ANSWER – As Lynn noted, she already bought museum putty, sometimes called museum wax. And there was lots of discussion about that. In case you don’t know what museum putty is, it is a removable and reusable adhesive putty used by museums, and others, to secure valuable objects like vases, especially in earthquake zones.
Since an RV going down the road generates enough rattles, bumps, and sways to equal a 4.0 earthquake, the same principle holds true. Put some museum putty on the bottom of anything you will be leaving out on the countertop, like small appliances, the paper towel holder, and other things you don’t want rattling around and following off the counter as you drive.
The product we use is called Quakehold and it costs around $10 for a 13-ounce container on Amazon. We’ll put a link to it on our RV gear page at RVLifestyle.com/gear.
If you want a direct link to this product, go to https://amzn.to/2FHTz2Z
One of the things we so appreciate from our RV Lifestyle Facebook Group members is how willing they are to share their knowledge and help out a newbie. And help they did!
Lynn’s question brought 71 different answers from our other members. Here’s a sampling:
From Lois: Good luck. It really is a trial and error type thing. What works for some won’t work for others. I use a non-skid shelf liner for dishes and glasses. Buy LOTS of non-skid. Not only do you want it on all shelf surfaces, but also small strips between pans, etc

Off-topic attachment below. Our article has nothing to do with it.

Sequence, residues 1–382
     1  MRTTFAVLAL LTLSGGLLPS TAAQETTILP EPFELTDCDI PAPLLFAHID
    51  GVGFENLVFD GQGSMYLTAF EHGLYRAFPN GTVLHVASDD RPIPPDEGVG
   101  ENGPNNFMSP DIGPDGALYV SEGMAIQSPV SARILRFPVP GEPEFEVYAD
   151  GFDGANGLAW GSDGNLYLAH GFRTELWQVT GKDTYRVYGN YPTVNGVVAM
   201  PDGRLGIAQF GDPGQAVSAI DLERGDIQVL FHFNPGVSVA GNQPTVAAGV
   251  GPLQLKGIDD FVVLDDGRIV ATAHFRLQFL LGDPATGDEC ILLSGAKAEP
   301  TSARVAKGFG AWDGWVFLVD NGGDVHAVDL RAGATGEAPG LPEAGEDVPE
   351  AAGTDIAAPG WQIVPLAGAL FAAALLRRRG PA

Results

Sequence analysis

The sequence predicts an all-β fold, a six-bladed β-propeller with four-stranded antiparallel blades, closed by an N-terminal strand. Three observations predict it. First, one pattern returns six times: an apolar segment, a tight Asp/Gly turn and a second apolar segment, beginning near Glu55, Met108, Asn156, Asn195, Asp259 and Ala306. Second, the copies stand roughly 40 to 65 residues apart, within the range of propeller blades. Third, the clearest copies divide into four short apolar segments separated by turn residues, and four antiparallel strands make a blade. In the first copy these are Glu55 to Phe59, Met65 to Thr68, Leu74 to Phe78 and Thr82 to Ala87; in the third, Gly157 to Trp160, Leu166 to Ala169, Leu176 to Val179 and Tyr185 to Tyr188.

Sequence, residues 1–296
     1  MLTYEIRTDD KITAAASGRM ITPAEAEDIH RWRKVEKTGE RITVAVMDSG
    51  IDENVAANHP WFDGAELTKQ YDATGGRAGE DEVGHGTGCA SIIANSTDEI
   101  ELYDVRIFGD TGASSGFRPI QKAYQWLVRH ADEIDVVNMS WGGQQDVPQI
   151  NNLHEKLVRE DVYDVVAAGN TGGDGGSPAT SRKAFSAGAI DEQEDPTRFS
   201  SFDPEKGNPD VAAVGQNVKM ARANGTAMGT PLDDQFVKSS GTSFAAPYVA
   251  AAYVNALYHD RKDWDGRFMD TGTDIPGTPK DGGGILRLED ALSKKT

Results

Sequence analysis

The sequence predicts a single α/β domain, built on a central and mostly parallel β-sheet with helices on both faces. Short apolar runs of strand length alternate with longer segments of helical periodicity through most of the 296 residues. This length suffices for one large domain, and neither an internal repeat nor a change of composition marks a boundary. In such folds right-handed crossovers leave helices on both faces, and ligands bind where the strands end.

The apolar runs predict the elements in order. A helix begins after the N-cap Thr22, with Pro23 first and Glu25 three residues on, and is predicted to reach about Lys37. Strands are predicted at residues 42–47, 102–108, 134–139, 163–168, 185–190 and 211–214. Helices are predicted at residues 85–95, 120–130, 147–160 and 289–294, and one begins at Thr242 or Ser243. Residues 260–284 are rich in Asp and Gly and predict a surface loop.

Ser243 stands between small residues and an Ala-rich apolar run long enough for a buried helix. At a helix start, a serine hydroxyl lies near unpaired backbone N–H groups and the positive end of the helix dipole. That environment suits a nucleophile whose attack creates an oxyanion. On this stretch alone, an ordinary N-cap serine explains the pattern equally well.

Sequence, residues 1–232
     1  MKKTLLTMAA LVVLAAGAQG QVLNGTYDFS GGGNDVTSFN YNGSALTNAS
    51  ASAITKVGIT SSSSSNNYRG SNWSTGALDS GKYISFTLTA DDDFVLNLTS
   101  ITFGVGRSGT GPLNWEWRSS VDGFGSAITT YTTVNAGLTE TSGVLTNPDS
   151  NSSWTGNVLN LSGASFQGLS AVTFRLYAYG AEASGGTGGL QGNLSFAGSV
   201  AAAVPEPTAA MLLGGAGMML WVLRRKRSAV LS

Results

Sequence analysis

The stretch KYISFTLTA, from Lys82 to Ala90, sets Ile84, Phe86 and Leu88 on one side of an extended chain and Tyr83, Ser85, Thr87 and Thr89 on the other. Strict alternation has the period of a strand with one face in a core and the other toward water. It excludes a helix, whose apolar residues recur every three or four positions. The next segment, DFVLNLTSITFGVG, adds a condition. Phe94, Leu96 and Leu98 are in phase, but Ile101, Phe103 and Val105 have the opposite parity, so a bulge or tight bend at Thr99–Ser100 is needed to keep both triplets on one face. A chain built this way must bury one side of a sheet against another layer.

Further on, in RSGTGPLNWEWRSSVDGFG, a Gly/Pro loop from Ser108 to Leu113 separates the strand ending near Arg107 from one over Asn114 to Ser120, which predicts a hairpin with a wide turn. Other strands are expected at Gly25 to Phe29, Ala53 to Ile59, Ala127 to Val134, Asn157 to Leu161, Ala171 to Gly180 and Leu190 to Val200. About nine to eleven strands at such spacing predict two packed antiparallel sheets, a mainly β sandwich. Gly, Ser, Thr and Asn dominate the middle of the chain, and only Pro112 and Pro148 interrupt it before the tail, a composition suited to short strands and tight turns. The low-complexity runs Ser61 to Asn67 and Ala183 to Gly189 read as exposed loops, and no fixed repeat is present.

From Nora: We recently purchased an new ourselves! And in our 1st trip I found that while traveling, some refrigerator stuff including the baking soda fell and spilled. This week I went to Ikea and purchased white bins for the fridge. Their storage items are fantastic and at a reasonable price as well as light.
From Sarah: I use squares of felt (8x10ish) to put between pans and plates to keep things for rubbing. Nesting bowls are handy. Ikea has nice containers with lids for spices, or whatever. I put things in containers then I can reach up and slide out the whole thing to find what I need.
From Katherine: My 2 favorite rules: 1) Less is more- don’t pack your cabinets so full that there is no room for a souvenir. I find that when I open a lightly packed cabinet that my mind is peaceful and the RV FEELS spacious. 2) There is always a Walmart. Very few necessities can’t be purchased at Walmart or ordered online. We pack in quantity things like a specific gluten-free bread or prescription dog food. Things that may be difficult to find in distant cities.
From Marlese: I would try to find little trays, or cut down some cereal boxes or something to corral all the little bottles/container on your shelves. Also, flip the shelves themselves over, so the lip is up; that will help contain things and keep them from coming forward.
From Jean: I store pots and pans in the oven with towels between them. I ball up bath towels and push them in my pantry to keep things in place. I put childproof locks on my cabinets and doors to keep them closed in transit.
From Nancy: I got magazine holders from the Dollar Tree and put my plates and lids in them. They take up vertical rather than horizontal space that way and it’s easier to find what you want. I also use one for my plastic wrap, aluminum foil and baggies.